chink englannista suomeksi
täyttää raot, tilkitä
kilisyttää, helistä, kilahtaa, kilahdella, helähdellä
(RQ:Macaulay Ancient Rome)
A vulnerability or flaw in a protection system or in any otherwise formidable system.
(quote-journal) pulled up with a hamstring injury and was replaced.
Ready money, especially in the form of coins.
1834, David Crockett, ''A Narrative of the Life of'', Nebraska 1987, pp. 47-8:
- I thought that if all the hills about there were pure chink, and all belonged to me, I would give them if I could just talk to her when I wanted to (..)
(quote-book)|passage=to leave his chink to better hands|year=1727|title=Occasional Poems|section="The Fortune-Hunter"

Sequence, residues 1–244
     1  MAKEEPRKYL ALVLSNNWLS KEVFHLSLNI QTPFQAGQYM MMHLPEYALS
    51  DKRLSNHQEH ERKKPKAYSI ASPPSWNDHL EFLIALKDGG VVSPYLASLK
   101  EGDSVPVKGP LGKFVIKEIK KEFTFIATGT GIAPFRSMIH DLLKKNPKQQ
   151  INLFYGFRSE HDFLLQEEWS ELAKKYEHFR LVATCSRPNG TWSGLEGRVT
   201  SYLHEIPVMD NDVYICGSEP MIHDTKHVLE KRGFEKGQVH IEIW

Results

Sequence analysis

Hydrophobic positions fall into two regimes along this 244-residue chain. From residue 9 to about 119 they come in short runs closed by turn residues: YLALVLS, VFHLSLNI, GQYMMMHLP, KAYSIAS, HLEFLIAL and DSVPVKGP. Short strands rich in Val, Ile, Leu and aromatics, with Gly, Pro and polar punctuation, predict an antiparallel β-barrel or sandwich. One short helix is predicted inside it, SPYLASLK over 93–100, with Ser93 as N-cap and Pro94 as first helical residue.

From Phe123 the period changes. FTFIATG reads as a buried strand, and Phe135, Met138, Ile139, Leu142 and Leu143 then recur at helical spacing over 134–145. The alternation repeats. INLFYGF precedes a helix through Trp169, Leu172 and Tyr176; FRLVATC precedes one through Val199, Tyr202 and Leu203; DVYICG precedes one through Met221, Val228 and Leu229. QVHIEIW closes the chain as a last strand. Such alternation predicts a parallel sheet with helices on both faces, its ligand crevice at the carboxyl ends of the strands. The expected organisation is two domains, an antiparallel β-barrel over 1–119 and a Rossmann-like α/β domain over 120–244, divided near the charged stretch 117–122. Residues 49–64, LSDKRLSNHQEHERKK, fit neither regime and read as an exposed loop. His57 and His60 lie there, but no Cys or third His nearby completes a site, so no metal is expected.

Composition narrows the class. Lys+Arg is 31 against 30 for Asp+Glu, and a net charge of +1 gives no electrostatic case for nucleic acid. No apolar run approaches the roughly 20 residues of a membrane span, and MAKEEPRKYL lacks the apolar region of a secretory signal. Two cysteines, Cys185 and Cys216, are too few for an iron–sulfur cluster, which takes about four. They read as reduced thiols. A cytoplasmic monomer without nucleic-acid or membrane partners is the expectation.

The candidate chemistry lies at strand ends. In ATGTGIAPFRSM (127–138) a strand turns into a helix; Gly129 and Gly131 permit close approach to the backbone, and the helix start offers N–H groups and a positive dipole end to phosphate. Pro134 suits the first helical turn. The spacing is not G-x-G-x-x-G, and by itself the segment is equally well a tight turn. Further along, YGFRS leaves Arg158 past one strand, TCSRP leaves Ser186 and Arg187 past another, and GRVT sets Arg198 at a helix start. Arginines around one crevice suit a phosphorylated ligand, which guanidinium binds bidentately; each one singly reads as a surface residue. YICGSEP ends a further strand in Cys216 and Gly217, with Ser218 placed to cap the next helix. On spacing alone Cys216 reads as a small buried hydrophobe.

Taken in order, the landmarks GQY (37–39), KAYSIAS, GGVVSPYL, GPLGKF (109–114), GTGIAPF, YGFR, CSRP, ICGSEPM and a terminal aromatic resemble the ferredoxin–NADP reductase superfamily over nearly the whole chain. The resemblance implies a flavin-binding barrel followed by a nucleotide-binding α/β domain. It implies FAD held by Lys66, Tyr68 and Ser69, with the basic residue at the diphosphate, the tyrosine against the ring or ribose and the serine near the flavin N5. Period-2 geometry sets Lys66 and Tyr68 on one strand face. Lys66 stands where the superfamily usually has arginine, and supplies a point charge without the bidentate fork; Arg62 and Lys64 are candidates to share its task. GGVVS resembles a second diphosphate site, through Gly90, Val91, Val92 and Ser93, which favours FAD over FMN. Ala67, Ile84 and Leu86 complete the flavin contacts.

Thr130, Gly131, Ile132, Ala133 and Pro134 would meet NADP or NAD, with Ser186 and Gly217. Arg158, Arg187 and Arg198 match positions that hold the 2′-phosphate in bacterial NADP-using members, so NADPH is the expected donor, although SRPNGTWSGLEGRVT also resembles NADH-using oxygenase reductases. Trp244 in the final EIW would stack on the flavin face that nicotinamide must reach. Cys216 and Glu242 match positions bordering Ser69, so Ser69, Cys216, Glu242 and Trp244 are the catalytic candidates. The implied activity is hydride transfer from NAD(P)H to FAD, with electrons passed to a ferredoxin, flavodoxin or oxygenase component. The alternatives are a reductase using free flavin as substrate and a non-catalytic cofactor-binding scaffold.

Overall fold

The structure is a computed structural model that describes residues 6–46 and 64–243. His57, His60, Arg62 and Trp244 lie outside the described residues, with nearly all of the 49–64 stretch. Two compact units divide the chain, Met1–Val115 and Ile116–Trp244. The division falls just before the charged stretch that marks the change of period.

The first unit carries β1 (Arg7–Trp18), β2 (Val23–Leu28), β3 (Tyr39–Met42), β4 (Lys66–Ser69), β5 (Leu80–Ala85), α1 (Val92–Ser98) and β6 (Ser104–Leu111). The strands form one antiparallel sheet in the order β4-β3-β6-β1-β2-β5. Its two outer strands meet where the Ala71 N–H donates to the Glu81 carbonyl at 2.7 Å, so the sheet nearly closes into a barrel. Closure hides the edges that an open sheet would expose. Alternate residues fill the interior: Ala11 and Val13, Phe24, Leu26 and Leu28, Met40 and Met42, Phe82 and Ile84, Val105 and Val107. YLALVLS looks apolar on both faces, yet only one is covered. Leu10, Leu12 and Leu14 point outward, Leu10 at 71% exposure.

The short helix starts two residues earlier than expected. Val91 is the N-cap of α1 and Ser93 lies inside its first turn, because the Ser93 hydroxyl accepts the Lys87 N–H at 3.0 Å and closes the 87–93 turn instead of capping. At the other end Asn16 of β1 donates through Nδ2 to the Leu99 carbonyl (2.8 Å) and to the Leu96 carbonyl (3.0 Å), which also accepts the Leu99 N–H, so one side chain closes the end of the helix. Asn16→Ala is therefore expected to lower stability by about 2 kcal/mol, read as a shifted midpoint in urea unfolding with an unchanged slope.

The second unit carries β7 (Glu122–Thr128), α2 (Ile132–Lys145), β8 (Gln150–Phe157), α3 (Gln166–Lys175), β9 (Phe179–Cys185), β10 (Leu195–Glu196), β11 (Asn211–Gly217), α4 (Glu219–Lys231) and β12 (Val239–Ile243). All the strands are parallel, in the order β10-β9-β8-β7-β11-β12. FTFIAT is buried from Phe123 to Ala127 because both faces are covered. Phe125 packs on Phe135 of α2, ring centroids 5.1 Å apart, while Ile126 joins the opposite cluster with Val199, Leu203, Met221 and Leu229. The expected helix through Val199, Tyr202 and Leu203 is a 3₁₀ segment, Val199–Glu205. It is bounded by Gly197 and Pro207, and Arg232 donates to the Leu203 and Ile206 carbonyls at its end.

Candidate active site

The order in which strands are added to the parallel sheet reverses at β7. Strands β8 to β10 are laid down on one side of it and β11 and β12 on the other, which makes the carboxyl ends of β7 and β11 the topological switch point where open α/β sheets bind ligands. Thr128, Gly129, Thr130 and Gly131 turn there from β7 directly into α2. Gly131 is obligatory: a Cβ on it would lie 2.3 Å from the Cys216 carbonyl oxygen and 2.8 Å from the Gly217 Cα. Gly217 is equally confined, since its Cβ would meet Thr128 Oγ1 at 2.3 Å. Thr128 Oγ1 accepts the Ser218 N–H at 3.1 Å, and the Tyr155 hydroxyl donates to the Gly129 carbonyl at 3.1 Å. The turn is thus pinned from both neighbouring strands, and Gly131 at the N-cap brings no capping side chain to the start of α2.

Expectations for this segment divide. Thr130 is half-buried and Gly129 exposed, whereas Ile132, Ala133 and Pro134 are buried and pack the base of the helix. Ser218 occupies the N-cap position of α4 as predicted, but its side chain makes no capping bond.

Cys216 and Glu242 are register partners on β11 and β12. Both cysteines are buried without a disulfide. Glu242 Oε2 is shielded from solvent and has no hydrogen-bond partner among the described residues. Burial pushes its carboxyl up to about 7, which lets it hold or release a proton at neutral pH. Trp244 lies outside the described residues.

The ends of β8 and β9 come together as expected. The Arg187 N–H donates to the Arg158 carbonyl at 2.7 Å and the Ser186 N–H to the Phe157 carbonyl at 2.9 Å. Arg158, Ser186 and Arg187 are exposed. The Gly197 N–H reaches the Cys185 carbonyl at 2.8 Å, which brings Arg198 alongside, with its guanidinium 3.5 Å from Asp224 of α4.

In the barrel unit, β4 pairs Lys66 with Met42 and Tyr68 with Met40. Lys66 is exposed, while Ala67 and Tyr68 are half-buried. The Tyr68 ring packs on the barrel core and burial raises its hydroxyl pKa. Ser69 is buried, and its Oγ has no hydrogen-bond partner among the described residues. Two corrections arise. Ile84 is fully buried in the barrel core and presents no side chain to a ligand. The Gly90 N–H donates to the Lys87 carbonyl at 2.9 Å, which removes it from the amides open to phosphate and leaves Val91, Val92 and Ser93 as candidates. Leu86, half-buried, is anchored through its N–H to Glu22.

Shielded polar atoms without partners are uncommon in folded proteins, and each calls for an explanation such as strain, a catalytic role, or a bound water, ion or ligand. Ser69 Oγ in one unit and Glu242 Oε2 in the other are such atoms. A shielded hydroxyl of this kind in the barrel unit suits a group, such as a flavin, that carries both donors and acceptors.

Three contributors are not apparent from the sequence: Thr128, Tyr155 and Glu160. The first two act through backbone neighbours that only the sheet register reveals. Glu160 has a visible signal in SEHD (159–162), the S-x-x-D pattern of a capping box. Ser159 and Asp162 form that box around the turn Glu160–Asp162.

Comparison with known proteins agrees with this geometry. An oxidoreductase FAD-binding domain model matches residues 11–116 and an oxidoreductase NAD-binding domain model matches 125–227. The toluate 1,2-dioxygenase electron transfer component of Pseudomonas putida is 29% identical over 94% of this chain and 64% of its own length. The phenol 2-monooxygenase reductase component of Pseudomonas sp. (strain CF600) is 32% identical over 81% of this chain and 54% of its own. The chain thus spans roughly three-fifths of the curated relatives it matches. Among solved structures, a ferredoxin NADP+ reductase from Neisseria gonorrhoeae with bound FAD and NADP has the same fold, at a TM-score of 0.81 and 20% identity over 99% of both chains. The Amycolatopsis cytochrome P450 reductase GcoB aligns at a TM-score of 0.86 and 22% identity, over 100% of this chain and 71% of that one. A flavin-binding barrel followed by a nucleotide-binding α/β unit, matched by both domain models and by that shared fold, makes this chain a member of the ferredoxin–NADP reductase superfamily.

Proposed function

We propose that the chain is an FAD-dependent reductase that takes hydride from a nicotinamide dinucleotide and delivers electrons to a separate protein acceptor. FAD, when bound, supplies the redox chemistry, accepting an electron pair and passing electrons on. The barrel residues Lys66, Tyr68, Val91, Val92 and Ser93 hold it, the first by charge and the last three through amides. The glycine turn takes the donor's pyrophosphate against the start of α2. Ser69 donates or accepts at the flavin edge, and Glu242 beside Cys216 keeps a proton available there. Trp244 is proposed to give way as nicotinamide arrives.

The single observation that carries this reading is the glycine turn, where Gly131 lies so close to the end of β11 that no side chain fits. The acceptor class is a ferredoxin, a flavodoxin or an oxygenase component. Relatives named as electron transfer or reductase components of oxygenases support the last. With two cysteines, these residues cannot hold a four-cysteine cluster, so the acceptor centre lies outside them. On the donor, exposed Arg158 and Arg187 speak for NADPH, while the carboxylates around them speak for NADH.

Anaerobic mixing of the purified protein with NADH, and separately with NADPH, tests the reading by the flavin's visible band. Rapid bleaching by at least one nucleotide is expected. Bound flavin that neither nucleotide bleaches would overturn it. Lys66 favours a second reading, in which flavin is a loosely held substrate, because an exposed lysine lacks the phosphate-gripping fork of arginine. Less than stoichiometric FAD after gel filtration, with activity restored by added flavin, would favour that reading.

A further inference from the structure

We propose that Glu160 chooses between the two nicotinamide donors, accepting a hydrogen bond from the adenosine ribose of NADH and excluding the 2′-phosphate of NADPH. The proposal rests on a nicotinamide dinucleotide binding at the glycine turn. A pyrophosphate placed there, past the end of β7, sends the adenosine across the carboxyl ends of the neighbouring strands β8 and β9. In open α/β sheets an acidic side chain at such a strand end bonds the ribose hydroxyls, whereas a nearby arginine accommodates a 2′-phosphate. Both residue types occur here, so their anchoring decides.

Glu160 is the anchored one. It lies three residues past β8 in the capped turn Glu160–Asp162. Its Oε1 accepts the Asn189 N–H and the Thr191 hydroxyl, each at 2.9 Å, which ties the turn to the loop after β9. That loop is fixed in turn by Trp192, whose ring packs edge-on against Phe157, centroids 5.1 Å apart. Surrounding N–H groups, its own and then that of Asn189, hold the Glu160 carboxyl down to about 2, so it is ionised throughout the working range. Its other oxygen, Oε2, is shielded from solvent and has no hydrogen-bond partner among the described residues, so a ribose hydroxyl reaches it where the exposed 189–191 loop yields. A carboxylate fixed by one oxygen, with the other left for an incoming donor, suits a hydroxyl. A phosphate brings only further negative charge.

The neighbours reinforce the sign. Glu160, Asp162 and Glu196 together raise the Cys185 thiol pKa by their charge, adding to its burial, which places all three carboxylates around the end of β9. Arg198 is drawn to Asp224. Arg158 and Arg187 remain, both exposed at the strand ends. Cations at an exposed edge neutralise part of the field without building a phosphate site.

1855, Henry Augustus Wise, ''Tales for the Marines'' (page 121)
- At the same time, mind, I must have a bit of a frolic occasionally, for that's all the pleasure I has, when I gets a little chink in my becket; and ye know, too, that I don t care much for that stuff, for a dollar goes with me as fur as a gold ounce does with you, when ye put on your grand airs, and shower it about like a nabob.
To make a slight sound like that of metal objects touching.
To cause to make a sharp metallic sound, as coins, small pieces of metal, etc., by bringing them into collision with each other.
- He chinks his purse